The Offensive Behaviour at Football and Threatening Communications (Scotland) Act 2012 (OBFA) was an act designed to deal with the very real problem of sectarianism in Scottish football. It has always been an act born out of knee-jerk politics and has been flawed since the start, but as the only piece of legislation that specifically targets sectarianism. It sent out a message that as a society, Scotland was done with supporting sectarianism or looking the other way to let things happen.
This week the first step to repeal the act in a private members bill from Labour MSP James Kelly was passed to repeal it. Now as said the act is flawed; it curtailed political expression as well as crack down on the offensive bigotry we see so often in Scottish football but nobody in favour of repeal has suggested an alternative. Actually, that isn’t true; the standard line is ‘education’ along with ‘use existing laws correctly’ but the problem with this is we know fine well this isn’t going to work because hate crimes need specific punitive legislation to deal with it.
Now the argument against it ranges from the hard left argument that it now gives the working class a voice which is astonishingly offensive as it assumes the working class are a mass of barely literate bigots who can only find release by chanting hate at each other. Then there’s the illiberal argument which is true but all hate crime legislation is illiberal so do we allow complete free speech which means anti-Semitism, racism, and all the stuff we don’t want in society to pass unchallenged. So do we single out hate speech or do we tell vulnerable minorities to deal with it as to crack down on it is illiberal? Then there’s the folk who are political opportunists and of course, the people who want the act gone so they can throw out vile bigotry at football matches unchallenged.
And this is the problem. When the act was passed an informed discussion never really happened, and now, on the verge of repeal, an informed discussion isn’t happening even though the majority of the public supports the act, and is clearly tired of sectarianism.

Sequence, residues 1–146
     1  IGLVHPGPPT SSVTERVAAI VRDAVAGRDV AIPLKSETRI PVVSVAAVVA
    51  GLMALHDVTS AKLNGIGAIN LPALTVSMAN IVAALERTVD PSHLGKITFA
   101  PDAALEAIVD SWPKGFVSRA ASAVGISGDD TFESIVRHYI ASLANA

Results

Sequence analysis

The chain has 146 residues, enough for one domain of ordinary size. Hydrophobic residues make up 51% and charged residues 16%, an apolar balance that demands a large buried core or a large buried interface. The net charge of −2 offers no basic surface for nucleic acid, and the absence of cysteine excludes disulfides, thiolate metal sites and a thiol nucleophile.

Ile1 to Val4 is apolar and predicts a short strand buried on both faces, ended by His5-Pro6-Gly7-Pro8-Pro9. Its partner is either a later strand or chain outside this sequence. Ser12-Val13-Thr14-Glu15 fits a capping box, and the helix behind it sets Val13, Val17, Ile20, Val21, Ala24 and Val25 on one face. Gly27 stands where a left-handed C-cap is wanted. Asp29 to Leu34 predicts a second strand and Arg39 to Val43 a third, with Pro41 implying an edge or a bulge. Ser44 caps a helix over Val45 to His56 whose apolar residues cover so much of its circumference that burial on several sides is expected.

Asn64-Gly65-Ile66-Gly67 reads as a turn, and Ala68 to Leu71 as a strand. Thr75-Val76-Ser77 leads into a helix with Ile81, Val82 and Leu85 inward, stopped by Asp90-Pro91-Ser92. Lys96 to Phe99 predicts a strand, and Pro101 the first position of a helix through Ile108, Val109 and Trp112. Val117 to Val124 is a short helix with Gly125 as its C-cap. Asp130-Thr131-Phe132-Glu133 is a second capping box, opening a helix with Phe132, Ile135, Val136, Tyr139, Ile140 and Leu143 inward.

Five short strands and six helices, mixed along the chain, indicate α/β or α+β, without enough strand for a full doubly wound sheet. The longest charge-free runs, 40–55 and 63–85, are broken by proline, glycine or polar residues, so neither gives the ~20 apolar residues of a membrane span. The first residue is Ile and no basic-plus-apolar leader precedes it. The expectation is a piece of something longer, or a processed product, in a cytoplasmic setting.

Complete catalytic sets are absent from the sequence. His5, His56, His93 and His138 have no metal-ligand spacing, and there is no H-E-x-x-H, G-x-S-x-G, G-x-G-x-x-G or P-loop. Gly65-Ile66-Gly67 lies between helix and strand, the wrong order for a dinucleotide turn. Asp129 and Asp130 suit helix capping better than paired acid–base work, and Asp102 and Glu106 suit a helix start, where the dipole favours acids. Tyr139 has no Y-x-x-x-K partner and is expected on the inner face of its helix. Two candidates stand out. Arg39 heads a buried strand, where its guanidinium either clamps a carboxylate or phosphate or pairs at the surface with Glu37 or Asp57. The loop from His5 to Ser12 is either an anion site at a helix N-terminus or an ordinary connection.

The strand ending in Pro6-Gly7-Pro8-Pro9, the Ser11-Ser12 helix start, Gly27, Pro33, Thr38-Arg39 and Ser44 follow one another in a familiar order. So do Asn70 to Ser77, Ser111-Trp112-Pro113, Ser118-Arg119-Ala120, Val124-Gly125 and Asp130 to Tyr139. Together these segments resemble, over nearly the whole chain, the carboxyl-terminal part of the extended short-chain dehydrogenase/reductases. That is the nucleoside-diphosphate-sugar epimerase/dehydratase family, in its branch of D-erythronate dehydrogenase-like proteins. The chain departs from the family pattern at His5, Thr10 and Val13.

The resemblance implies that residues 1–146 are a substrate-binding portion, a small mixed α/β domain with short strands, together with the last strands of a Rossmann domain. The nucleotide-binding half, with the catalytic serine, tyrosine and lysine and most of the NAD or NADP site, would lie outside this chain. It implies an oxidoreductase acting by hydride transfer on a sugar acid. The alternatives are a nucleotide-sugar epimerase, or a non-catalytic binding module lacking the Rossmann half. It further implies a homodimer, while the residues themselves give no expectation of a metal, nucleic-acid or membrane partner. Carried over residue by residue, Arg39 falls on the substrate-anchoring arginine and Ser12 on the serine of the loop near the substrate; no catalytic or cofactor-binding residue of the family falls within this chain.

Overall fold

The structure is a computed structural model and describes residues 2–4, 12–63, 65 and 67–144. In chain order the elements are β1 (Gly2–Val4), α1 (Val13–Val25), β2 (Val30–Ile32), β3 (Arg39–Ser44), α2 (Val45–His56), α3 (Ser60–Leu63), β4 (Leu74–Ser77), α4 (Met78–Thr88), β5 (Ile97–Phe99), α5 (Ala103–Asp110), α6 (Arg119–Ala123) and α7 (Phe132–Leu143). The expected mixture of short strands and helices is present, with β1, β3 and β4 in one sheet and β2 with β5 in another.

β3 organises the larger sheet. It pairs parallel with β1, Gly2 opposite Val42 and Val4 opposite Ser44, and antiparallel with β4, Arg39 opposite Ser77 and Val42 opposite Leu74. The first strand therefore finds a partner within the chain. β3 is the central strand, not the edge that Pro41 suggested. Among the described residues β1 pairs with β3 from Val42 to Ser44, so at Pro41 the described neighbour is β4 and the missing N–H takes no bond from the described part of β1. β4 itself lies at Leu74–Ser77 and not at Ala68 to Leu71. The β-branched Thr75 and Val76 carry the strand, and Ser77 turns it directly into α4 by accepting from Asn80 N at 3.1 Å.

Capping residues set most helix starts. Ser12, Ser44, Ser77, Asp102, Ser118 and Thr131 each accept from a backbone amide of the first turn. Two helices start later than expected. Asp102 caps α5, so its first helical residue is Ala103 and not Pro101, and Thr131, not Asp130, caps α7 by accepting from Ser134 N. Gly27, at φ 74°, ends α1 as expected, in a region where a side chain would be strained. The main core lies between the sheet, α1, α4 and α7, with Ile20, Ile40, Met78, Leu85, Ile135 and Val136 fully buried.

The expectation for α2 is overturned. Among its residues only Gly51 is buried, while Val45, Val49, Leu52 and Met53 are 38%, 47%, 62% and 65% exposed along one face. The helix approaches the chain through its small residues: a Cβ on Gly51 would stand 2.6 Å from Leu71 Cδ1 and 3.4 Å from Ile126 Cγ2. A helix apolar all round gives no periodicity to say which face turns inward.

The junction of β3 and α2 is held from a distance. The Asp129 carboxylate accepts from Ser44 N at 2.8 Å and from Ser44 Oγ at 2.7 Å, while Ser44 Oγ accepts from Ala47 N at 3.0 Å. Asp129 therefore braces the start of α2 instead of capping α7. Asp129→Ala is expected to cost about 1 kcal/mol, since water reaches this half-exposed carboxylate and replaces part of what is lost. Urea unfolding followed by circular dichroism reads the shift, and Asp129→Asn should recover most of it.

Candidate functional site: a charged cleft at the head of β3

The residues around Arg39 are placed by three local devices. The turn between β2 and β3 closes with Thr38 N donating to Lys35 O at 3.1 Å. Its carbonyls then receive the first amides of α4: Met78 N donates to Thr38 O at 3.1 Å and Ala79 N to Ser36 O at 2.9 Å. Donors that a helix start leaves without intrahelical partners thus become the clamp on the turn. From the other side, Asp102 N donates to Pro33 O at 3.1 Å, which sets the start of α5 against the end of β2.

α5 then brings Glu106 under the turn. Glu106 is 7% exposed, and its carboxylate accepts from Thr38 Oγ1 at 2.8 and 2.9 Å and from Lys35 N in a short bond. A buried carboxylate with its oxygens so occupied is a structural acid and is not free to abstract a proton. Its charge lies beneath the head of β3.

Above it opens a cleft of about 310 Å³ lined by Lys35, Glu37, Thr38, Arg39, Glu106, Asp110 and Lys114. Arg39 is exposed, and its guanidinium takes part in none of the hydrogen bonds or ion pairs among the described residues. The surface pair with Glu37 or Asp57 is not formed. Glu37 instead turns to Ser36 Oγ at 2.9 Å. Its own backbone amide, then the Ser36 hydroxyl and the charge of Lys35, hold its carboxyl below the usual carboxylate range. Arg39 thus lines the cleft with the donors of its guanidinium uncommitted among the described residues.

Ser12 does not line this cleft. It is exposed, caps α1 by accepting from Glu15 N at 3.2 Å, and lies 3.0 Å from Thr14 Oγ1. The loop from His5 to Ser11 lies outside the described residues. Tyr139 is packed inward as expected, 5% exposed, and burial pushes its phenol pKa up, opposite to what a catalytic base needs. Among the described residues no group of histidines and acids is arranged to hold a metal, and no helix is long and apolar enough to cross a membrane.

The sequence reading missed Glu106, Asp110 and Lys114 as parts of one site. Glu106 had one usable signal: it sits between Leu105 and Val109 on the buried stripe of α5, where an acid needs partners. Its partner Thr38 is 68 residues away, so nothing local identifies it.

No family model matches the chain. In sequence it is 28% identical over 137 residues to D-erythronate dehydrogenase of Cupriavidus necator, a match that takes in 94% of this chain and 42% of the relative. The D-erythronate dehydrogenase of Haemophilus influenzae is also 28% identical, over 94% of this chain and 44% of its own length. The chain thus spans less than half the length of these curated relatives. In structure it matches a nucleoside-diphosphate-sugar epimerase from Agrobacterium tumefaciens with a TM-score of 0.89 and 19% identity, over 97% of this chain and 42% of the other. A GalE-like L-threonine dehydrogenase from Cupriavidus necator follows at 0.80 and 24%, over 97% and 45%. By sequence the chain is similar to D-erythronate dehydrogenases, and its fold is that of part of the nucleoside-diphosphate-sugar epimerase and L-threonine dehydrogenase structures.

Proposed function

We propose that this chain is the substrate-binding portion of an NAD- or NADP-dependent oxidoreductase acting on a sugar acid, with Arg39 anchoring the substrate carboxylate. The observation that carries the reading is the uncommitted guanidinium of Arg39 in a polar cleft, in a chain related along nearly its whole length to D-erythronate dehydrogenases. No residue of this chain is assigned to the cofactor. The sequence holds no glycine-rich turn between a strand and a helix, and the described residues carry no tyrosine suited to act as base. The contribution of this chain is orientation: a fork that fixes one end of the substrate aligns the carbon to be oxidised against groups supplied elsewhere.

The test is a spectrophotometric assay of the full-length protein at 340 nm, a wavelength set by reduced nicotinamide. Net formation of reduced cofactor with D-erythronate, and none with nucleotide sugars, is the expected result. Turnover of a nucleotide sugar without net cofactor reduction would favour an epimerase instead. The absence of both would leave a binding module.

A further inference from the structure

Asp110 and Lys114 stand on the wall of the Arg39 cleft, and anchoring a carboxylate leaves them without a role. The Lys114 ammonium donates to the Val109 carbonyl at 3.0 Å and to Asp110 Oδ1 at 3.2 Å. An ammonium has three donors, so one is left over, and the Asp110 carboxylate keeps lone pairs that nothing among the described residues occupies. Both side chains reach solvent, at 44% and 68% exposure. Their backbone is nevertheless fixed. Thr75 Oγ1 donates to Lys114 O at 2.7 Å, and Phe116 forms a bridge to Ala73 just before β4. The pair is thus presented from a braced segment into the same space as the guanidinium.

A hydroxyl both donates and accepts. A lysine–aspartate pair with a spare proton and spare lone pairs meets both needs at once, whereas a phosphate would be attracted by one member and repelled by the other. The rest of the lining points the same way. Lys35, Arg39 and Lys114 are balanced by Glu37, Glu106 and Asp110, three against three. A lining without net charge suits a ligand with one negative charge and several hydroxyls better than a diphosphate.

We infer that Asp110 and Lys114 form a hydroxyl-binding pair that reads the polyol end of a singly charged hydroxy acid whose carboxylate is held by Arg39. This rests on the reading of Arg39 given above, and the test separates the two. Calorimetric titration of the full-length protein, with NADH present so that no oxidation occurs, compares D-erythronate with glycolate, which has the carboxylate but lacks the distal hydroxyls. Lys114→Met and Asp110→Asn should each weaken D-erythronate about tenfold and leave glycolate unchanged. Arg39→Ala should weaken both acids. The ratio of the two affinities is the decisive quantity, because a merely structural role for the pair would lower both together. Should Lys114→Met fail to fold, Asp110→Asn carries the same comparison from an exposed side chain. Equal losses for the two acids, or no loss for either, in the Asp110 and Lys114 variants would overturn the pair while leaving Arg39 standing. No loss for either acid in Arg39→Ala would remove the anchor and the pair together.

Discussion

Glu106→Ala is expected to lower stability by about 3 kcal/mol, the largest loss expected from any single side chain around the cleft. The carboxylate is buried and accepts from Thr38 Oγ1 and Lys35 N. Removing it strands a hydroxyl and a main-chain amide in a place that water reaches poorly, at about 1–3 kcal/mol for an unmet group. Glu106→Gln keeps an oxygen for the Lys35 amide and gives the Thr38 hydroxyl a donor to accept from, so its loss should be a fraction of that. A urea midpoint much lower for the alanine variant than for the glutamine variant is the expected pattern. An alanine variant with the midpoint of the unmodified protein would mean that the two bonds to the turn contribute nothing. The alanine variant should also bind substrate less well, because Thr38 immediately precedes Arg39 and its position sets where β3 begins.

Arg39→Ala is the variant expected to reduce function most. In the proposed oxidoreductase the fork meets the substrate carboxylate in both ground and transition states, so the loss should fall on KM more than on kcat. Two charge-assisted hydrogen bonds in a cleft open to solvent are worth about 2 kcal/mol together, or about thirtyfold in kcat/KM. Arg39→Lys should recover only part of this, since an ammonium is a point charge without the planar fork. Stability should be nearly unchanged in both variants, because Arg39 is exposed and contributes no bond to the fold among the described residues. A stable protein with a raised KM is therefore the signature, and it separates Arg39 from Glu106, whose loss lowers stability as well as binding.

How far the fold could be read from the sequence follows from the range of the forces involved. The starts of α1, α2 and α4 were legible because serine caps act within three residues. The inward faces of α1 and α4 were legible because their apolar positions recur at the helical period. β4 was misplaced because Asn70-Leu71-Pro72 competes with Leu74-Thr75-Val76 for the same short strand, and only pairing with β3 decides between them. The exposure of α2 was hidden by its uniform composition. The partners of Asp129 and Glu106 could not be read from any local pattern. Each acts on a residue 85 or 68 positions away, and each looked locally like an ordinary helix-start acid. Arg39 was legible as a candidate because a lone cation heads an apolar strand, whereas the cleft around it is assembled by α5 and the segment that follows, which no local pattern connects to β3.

I’ll tell you what happens in the future. The act is repealed. An ‘incident’ will happen. Someone, or a few people, will be abused, hurt, even worse. Scotland’s politicians and media will demand ‘something’ must be done and nothing will end up getting done because Scotland’s politicians and media (on the whole) want to prolong the life of sectarianism, and don’t even expect the SFA or the clubs themselves to do anything serious because they don’t want to lose support. So we have a section of the left arguing themselves into a corner over this while a section of the left are drooling with the prospect of social division.
What would I do? I’m no expert but I’d engage an open debate on what sectarianism is. Define it. Engage with people and point out to them what they do causes offense and harm to people. Show them the effects of their bigotry. Give them support to change but if they don’t and carry on then have a punitive law to crack down on them. I’d give the SFA a kick up the arse so they work towards making Scotland better. I’d not glibly sit back and let things go unchallenged as Labour, Tories and a chunk of the establishment would like.
Most of all I find it repulsive that with everything going on right now, there’s a number of people who put as their number one priority fighting for the chance for people to chant about being up to their knees in ‘fenian blood’. When the worse does happen I don’t want to see these people demand ‘action’, I want to see them accepting responsibility for what they’ve done and maybe, just maybe, actually suggest a way to make things better.